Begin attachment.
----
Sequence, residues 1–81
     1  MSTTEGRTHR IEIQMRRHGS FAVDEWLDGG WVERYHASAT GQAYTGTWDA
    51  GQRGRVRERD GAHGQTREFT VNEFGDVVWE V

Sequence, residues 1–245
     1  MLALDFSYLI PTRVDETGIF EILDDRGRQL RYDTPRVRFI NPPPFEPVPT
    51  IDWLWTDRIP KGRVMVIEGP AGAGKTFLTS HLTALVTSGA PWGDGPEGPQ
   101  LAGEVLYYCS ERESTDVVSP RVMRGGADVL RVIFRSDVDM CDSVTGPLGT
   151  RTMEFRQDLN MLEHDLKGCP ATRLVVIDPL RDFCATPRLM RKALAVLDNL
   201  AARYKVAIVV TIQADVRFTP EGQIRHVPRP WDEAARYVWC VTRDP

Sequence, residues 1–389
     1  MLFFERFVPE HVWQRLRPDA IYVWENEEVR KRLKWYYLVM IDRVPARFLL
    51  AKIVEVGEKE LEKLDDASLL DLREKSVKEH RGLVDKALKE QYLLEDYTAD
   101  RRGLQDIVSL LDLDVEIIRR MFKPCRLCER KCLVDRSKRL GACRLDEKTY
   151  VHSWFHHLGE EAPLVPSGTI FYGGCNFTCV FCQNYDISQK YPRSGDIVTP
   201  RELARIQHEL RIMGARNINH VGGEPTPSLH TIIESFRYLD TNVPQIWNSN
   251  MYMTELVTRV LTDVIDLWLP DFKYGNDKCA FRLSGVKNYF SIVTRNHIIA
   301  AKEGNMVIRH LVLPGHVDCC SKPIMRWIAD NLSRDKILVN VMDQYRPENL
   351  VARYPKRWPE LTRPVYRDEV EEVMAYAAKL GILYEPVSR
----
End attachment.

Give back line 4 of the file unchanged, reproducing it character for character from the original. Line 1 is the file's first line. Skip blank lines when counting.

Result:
Sequence, residues 1–245